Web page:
Creating a SQL Server Native Client ODBC Driver Application
ODBC architecture has four components that perform the following functions.
Calls ODBC functions to communicate with an ODBC data source, submits SQL statements, and processes result sets.
Manages communication between an application and all ODBC drivers used by the application.
Processes all ODBC function calls from the application, connects to a data source, passes SQL statements from the application to the data source, and returns results to the application. If necessary, the driver translates ODBC SQL from the application to native SQL used by the data source.
Contains all information a driver needs to access a specific instance of data in a DBMS.
An application that uses the SQL Server Native Client ODBC driver to communicate with an instance of SQL Server performs the following tasks:
Connects with a data source
Sends SQL statements to the data source
Processes the results of statements from the data source
Processes errors and messages
Terminates the connection to the data source
A more complex application written for the SQL Server Native Client ODBC driver might also perform the following tasks:
Use cursors to control location in a result set
Request commit or rollback operations for transaction control
Perform distributed transactions involving two or more servers
Run stored procedures on the remote server
Call catalog functions to inquire about the attributes of a result set
Perform bulk copy operations
Manage large data (varchar(max), nvarchar(max), and varbinary(max) columns) operations
Use reconnection logic to facilitate failover when database mirroring is configured
Log performance data and long-running queries
To make ODBC function calls, a C or C++ application must include the sql.h, sqlext.h, and sqltypes.h header files. To make calls to the ODBC installer API functions, an application must include the odbcinst.h header file. A Unicode ODBC application must include the sqlucode.h header file. ODBC applications must be linked with the odbc32.lib file. ODBC applications that call the ODBC installer API functions must be linked with the odbccp32.lib file. These files are included in the Windows Platform SDK.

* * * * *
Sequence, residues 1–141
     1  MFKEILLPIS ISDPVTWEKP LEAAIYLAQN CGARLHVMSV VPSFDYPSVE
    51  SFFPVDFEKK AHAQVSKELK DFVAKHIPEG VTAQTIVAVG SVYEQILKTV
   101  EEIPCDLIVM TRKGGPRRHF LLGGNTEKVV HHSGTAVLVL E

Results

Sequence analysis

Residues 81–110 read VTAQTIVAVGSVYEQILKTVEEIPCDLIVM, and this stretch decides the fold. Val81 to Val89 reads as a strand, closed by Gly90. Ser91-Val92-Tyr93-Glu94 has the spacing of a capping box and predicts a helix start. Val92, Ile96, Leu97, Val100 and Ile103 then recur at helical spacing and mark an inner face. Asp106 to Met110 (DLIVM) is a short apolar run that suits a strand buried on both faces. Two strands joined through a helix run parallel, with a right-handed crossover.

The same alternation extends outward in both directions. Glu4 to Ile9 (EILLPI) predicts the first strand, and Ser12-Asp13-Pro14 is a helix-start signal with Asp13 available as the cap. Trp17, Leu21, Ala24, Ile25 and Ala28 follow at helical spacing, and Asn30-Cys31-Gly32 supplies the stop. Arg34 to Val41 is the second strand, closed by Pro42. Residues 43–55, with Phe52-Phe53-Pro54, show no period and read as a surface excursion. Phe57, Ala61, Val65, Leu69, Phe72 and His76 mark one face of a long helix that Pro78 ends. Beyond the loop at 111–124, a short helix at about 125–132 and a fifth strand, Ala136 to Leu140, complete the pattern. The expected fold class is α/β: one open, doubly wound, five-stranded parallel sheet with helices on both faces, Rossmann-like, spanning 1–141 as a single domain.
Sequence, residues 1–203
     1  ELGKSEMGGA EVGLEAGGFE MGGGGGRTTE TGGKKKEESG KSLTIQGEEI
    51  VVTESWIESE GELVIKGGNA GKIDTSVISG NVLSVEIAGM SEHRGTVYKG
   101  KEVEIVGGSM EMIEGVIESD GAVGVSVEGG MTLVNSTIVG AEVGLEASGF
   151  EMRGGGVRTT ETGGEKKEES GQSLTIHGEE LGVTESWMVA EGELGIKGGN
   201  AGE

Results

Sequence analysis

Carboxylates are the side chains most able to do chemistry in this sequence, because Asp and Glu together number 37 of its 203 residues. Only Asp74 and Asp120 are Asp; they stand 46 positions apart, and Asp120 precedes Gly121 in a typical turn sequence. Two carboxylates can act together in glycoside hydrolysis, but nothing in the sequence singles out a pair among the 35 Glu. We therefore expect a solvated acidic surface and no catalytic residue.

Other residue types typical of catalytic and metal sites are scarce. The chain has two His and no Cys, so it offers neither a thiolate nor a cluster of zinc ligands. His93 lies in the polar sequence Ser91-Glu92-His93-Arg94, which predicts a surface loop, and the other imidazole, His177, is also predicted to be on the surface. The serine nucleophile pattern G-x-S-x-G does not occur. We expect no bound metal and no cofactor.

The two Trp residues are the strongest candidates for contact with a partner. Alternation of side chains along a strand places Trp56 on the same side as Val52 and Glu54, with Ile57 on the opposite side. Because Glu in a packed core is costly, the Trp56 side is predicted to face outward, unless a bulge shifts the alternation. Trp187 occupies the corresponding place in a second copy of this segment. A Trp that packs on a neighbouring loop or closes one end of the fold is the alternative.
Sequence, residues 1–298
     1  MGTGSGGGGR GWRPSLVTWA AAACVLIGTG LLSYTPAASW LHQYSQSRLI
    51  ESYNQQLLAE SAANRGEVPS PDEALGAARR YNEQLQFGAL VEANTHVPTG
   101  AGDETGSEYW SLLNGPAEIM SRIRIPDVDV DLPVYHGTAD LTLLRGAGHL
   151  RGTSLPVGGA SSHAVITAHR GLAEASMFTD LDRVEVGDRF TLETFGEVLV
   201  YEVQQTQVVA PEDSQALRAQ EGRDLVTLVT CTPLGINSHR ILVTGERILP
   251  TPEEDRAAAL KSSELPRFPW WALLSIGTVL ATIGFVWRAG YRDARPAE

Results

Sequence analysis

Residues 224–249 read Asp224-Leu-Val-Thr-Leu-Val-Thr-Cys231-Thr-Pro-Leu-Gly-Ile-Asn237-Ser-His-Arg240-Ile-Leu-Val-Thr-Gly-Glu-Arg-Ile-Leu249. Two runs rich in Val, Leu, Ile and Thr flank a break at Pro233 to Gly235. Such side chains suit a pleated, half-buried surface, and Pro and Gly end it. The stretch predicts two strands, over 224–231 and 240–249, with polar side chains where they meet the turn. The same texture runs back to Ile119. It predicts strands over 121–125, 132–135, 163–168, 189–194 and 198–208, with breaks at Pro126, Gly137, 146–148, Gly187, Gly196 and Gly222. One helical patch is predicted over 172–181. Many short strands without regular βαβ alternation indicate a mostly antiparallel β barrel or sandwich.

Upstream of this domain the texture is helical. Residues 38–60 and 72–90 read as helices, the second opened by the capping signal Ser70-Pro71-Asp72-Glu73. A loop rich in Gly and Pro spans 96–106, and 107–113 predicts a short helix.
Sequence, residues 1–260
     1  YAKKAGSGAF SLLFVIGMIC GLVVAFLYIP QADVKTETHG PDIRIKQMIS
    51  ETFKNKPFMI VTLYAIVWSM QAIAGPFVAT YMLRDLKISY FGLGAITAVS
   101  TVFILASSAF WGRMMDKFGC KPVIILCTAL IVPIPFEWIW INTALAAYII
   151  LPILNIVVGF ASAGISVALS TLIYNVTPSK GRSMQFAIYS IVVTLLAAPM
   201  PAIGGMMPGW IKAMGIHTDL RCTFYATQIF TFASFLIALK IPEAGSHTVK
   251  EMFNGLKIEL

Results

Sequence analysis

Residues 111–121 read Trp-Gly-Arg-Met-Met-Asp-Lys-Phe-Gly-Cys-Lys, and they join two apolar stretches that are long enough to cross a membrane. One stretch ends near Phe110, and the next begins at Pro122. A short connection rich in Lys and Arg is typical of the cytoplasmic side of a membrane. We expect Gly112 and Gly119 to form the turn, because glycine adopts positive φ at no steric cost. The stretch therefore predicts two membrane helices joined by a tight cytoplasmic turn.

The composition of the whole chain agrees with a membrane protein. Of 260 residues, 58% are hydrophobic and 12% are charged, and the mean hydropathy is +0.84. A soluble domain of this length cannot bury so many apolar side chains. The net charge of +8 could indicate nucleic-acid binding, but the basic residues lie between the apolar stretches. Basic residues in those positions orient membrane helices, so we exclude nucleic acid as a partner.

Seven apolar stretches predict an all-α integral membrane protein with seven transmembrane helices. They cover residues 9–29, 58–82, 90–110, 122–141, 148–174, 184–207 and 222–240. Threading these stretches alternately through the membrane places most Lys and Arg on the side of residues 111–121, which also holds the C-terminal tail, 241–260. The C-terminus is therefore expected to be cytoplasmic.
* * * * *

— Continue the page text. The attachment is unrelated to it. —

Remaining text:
Many ODBC drivers, including the SQL Server Native Client ODBC driver, offer driver-specific ODBC extensions. To take advantage of SQL Server Native Client ODBC driver-specific extensions, an application should include the sqlncli.h header file. This header file contains:
SQL Server Native Client ODBC driver-specific connection attributes.
SQL Server Native Client ODBC driver-specific statement attributes.
SQL Server Native Client ODBC driver-specific column attributes.
SQL Server-specific data types.
SQL Server-specific user-defined data types.
SQL Server Native Client ODBC driver-specific SQLGetInfo types.
SQL Server Native Client ODBC driver diagnostics fields.
SQL Server-specific diagnostic dynamic function codes.
C/C++ type definitions for SQL Server-specific native C data types (returned when columns bound to C data type SQL_C_BINARY).
Type definition for the SQLPERF data structure.
Bulk copy macros and prototypes to support bulk copy API usage through an ODBC connection.
Call the distributed query metadata API functions for lists of linked servers and their catalogs.
Any C or C++ ODBC application that uses the bulk copy feature of the SQL Server Native Client ODBC driver must be linked with the sqlncli10.lib file. Applications calling the distributed query metadata API functions must also be linked with sqlncli10.lib. The sqlncli.h and sqlncli10.lib files are distributed as part of the SQL Server developer's tools. The SQL Server Include and Lib directories should be in the compiler's INCLUDE and LIB paths as in the following:
LIB=c:\Program Files\Microsoft Data Access SDK 2.8\Libs\x86\lib;C:\Program Files\Microsoft SQL Server\100\Tools\SDK\Lib; INCLUDE=c:\Program Files\Microsoft Data Access SDK 2.8\inc;C:\Program Files\Microsoft SQL Server\100\Tools\SDK\Include;
One design decision made early in the process of building an application is whether the application needs to have multiple ODBC calls outstanding at the same time. There are two methods for supporting multiple concurrent ODBC calls, which are described in the remaining topics in this section. For more information, see the ODBC Programmer's Reference.